Christmas, Discontentment, and Hallmark Movies

Saturday, December 4, 2021

 Do you find yourself becoming discontent and ungrateful at Christmas as you try too hard to make everything perfect? Come hear what I've been learning about Christmas, discontentment, and Hallmark movies lately.

I love Christmas. Like a lot. I love the twinkling lights on the tree, I love Christmas music, Christmas parties, and Christmas movies. I love exchanging gifts, spending time with family, and decorating gingerbread houses. But I've noticed (as I'm sure you have too) that sometimes we get very caught up in the things I listed above and forget that the only thing we should be truly caught up in is a love of our Savior. 

Honestly though, you probably already knew that, right? So why do I bring it up if I think you already know?

Because we all need the reminder to remember our savior, and we also need the reminder to be thankful in all things. 

Hallmark Christmas Movies, Christmas Traditions, and Discontentment

I often have a Hallmark Christmas movie on in the background while I work this time of year. Yes, the acting is typically sub-par, the plotline is only half-way thought through, and there's so much cheesiness. But I'm of the belief that a little cheesiness never hurt anyone (unless you're lactose intolerant, and in that case, maybe don't watch Hallmark movies 💁). I truly do enjoy watching because they are usually happy and generally clean, they don't require a lot of attention, and they do feel very "Christmas-y".

However, the more of these movies I see, the more I notice a common theme of the characters. There's always at least one character who thinks that Christmas makes everything better. 

"It's Christmas! Anything magical can happen."

"It's Christmas. You should be happy."

"I believe you'll find your perfect soulmate because it's Christmas."

There are also a lot of characters who need everything about Christmas to be perfect. 

The perfect tree.

The perfectly decorated house. 

The perfect Christmas present, date, party, dress, cookies, gingerbread house. You name, it needs to be perfect "because it's Christmas".

And that's the problem, isn't it? We (I) often spend so much time thinking about how we want everything to go for our perfect little sentimental holiday that we forget a few important things.

  • We forget that Christmas isn't about decorations and parties and music. Those things are fun and good, but they are meant to be enjoyed, not stressed out over.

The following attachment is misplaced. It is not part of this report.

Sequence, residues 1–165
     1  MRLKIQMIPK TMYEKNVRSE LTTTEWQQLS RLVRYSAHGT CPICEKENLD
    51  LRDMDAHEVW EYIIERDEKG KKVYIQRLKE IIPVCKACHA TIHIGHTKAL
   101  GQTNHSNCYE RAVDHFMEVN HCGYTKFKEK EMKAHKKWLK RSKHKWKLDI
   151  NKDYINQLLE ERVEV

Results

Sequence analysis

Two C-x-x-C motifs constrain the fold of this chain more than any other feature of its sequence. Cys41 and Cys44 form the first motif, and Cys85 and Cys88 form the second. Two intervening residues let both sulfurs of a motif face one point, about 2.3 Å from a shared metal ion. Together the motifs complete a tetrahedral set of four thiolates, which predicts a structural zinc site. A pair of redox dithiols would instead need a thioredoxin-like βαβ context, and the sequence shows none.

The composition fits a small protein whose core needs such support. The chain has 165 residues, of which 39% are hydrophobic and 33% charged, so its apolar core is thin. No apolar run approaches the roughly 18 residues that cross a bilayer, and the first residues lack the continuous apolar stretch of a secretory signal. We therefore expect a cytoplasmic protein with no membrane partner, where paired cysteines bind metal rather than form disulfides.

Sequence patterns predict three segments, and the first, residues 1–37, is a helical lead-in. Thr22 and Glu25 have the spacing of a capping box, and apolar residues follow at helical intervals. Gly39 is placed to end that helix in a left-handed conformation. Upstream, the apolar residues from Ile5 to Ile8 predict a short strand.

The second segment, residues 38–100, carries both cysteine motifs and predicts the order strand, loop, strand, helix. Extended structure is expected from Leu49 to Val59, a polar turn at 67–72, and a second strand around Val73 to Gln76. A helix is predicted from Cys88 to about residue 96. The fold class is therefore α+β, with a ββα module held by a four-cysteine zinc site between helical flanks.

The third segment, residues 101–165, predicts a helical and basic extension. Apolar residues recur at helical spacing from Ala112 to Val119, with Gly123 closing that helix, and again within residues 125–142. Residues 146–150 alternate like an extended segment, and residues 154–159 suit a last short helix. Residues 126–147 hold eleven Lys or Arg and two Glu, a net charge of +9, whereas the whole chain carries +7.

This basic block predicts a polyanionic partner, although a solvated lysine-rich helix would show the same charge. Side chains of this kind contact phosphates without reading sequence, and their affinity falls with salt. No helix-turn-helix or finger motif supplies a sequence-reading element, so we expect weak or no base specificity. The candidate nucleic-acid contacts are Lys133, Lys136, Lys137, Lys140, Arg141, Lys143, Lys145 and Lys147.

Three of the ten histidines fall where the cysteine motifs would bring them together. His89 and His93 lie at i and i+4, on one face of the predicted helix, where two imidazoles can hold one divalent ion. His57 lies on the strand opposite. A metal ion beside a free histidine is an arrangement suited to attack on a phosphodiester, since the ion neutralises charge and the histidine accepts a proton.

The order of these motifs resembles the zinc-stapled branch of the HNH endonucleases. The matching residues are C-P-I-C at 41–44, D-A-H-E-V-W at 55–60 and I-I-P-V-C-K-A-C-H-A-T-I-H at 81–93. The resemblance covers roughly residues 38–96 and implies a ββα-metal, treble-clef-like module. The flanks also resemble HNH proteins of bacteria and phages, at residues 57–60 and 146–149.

• We forget to be thankful for what's in our lives, even when a pandemic keeps us from visiting family, or on a lesser scale, even when the dog knocks over the Christmas tree and breaks "baby's first ornament". 

  • We forget that our lives are not supposed to look like a Hallmark movie (and that's actually a good thing, because good grief, Hallmark).

  • And most importantly, we forget that the only thing that matters is our perfect Savior who humbled himself as a baby, lived a perfect life, died for our sins, and defeated sin and death and rose from the dead. He is our perfect atonement, our forgiveness, our righteousness. We don't need a tree. We don't need to hear Michael Bublé sing another Christmas song. We don't need to watch our favorite Christmas movie, bake any cookies, or see our family in order to find joy in the one true God we are supposed to be celebrating during this holiday (and always).

If you are able to do those things, then do them. Enjoy them. Be giddy about Christmas day and make that ugly gingerbread house that no gingerbread man would ever want to live in. Watch the silly movies about a tall man being raised by elves who sets off to find his dad. Exchange gifts. Put up your Christmas tree. Go visit your family. 

But friends, let's not put our hope there. And let's not fool ourselves into thinking that we never place our hope there - because most of us do in some way or another. 

So let's repent of that misplaced hope and joy. Let's ask God to help us savor him, cherish him, and find our hope and joy in him alone. Let's ask him to teach us to enjoy the good gifts he's given (like family, fun traditions, and the like) without making them our idols.

So here's the question: if all of our Christmas traditions were stripped away, and if we were unable to visit family for the holidays, would you be devastated, claiming that Christmas was ruined? Or would you still find true joy in your Savior and know that that's what Christmas is all about anyway?

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